If Capitol Hill Hospital could admit at least three new patients daily, cut costs and increase the number of paying patients, it could become financially viable, according to a report released yesterday by a coalition trying to save the hospital.

"This report simply shows that Capitol Hill Hospital can be maintained as an acute-care hospital, and it can be profitable," said Harold Brazil, D.C. Council member-elect (D-Ward 6) and chairman of the coalition.

But a spokesman for Medlantic Corp., which owns the hospital and wants to make it a facility for long-term care, said its problems are rooted in its declining admissions.

"Capitol Hill Hospital has too few patients to support the services that the hospital is trying to provide the community," spokesman Philip Schneider said. "That is a trend that began significantly three years ago and continues."

In its six-page report on the hospital's financial condition, the Baltimore accounting firm of KPMG Peat Marwick relied on accounting records and interviews with Medlantic representatives and doctors at the hospital.

The report said Capitol Hill Hospital had net operating revenue of $11.9 million from 1,708 admissions from July to October. That resulted in an average revenue of $6,979 per admission, the report said.

Expenses during that period were $14.3 million, the report said. If those expenses are divided by the revenue per admission of $6,979, the number of patients needed by the hospital to break even would be 2,055.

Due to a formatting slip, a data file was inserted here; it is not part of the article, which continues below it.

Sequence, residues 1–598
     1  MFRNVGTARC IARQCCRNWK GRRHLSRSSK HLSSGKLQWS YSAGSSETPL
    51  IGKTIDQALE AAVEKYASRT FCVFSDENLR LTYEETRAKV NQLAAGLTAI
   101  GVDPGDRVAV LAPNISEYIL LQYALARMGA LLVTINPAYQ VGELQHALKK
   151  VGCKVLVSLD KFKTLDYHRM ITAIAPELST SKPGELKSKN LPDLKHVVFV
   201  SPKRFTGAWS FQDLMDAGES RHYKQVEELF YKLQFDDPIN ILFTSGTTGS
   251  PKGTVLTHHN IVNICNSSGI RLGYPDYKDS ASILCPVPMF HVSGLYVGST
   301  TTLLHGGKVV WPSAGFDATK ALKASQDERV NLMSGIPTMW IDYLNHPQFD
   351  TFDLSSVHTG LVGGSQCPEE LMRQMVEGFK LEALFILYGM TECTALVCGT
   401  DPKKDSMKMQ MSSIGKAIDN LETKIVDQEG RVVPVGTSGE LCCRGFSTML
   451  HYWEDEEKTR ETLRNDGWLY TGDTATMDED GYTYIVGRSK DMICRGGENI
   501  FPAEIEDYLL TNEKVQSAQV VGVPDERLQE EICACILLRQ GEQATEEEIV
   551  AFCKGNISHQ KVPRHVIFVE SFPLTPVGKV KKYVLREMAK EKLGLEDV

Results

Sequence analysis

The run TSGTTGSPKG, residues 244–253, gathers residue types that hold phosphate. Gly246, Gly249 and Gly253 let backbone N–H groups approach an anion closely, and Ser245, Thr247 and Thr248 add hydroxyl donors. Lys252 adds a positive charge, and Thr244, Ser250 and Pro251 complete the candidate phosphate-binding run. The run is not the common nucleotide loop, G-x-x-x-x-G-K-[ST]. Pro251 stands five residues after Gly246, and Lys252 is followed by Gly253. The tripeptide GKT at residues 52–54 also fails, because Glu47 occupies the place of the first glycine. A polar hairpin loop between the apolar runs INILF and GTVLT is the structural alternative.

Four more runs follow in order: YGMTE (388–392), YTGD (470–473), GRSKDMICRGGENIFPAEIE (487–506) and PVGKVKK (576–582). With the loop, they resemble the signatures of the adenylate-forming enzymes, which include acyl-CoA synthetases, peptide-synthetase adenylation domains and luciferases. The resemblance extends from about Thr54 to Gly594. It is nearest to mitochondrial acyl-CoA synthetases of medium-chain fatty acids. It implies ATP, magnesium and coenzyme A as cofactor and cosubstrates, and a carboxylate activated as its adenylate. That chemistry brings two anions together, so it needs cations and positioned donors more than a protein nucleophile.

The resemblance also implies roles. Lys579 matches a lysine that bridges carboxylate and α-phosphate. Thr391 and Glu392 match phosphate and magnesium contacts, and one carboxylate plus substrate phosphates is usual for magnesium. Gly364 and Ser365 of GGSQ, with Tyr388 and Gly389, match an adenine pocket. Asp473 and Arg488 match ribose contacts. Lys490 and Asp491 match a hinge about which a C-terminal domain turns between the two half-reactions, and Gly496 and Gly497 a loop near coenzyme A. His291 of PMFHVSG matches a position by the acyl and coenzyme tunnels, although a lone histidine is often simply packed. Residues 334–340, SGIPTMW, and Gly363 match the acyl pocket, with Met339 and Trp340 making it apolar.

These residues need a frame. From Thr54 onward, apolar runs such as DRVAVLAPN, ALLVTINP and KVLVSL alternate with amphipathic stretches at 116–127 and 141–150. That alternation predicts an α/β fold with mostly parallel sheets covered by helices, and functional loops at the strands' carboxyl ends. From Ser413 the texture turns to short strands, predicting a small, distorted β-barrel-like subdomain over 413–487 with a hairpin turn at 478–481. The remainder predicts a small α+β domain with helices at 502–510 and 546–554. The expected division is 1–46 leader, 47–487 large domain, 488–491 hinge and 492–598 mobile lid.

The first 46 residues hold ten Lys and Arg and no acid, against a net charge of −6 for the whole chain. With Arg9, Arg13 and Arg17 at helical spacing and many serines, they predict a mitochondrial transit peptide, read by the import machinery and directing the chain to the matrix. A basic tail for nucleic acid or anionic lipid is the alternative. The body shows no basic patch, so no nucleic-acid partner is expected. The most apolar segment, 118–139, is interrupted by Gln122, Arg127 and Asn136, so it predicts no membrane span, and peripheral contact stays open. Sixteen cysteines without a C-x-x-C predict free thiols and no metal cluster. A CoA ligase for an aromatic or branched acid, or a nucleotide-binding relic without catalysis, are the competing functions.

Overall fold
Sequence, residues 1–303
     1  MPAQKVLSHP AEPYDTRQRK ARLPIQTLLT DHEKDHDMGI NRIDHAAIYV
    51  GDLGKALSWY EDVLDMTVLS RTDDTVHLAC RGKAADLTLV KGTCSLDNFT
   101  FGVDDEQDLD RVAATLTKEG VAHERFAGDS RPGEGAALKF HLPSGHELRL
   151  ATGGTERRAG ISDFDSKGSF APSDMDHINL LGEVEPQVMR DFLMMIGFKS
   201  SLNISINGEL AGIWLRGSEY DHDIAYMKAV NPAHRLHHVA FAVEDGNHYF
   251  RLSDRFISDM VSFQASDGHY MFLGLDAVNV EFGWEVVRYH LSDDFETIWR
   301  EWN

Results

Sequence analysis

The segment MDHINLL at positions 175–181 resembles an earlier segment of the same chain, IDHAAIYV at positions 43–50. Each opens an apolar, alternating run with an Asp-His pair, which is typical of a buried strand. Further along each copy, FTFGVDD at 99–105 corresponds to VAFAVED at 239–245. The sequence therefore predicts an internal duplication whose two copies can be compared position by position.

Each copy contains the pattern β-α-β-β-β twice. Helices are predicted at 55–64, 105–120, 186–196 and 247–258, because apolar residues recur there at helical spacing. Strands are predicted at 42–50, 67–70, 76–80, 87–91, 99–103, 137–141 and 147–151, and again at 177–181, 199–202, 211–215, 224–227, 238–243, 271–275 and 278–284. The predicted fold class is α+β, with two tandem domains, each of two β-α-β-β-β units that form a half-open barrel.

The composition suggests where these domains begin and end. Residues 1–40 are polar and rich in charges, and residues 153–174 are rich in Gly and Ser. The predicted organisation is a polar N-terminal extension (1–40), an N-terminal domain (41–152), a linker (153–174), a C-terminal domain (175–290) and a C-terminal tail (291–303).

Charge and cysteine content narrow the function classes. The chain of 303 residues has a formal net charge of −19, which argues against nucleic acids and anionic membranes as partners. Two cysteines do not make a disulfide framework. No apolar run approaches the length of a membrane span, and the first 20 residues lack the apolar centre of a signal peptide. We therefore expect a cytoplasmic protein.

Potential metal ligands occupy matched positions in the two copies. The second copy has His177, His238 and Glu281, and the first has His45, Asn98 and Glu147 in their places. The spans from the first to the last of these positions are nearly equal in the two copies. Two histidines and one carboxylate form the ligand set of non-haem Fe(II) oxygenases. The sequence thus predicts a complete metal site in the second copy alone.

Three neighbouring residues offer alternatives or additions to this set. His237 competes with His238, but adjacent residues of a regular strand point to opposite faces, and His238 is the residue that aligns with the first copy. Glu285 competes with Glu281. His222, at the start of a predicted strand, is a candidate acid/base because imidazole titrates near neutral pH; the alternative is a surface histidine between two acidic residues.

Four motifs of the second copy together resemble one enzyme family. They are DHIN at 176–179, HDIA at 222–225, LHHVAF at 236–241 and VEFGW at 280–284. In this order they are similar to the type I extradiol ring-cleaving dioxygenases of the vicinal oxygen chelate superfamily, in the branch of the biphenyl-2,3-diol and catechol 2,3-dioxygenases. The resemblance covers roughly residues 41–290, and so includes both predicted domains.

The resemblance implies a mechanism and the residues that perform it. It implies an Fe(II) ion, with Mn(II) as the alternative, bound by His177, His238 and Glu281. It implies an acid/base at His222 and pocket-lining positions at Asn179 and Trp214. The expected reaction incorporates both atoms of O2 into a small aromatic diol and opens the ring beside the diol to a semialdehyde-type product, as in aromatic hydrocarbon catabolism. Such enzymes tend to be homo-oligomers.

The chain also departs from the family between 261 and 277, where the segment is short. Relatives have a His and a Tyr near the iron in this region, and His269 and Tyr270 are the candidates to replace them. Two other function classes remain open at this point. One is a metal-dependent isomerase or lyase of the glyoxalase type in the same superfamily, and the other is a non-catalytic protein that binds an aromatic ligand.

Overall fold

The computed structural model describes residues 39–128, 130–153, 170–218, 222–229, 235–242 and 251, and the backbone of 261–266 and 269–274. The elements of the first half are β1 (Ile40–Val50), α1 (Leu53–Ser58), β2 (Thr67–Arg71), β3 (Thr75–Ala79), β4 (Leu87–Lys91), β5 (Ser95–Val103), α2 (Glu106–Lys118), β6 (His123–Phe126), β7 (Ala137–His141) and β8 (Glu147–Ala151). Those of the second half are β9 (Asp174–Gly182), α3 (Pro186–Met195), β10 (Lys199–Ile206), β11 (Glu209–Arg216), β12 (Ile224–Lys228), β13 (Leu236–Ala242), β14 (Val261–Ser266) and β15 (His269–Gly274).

That is an increase of 347 admissions, or about three a day, the report said.

The report recommended that the hospital "undertake strong cost control measures" and specifically urged a review of the $300,000 in monthly payments the hospital makes to Medlantic for management information services, employee health benefits and various Medlantic overhead charges.

The report said the operating loss at the hospital declined 43.7 percent from September to October, a period when doctors were trying to increase patient admissions.

And, according to the report, admissions did rise in October.

But Medlantic's Schneider said the effort by hospital physicians to increase admissions fell short of its target. The hospital admitted 125 privately insured patients from Oct. 22 to Nov. 21, rather than the target number of 178, he said.

Schneider said there were 176 Medicare admissions -- which hospitals say can cost them money because the government does not pay enough -- during that period despite the effort to hold them to 155 or fewer.

The hospital, at 700 Constitution Ave. NE, has 133 acute-care beds and 30 skilled-nursing beds, making it one of the city's smallest. But its location near low-income neighborhoods and several major drug markets makes it an important part of the city's health care system.

The hospital's emergency room annually provides care for an estimated 27,000 people, many of whom depend on the hospital for primary health care.

But in early October, Medlantic officials said they might be forced to close the 102-year-old facility because of continuing losses, mainly from uncompensated patient care.

John L. Green, an executive vice president at Medlantic, said the hospital lost $5.1 million in fiscal 1990 and could lose as much as $7.4 million by the end of this fiscal year.

The coalition working to save the hospital includes many of the estimated 700 hospital employees as well as local residents. They have staged demonstrations, filed a lawsuit and negotiated privately with Medlantic.

Yesterday, leaders of Medlantic and the coalition said those talks are still underway.

But both sides expect the matter to be resolved in the next few weeks. Medlantic has said that layoffs of hospital workers could begin as early as Dec. 19.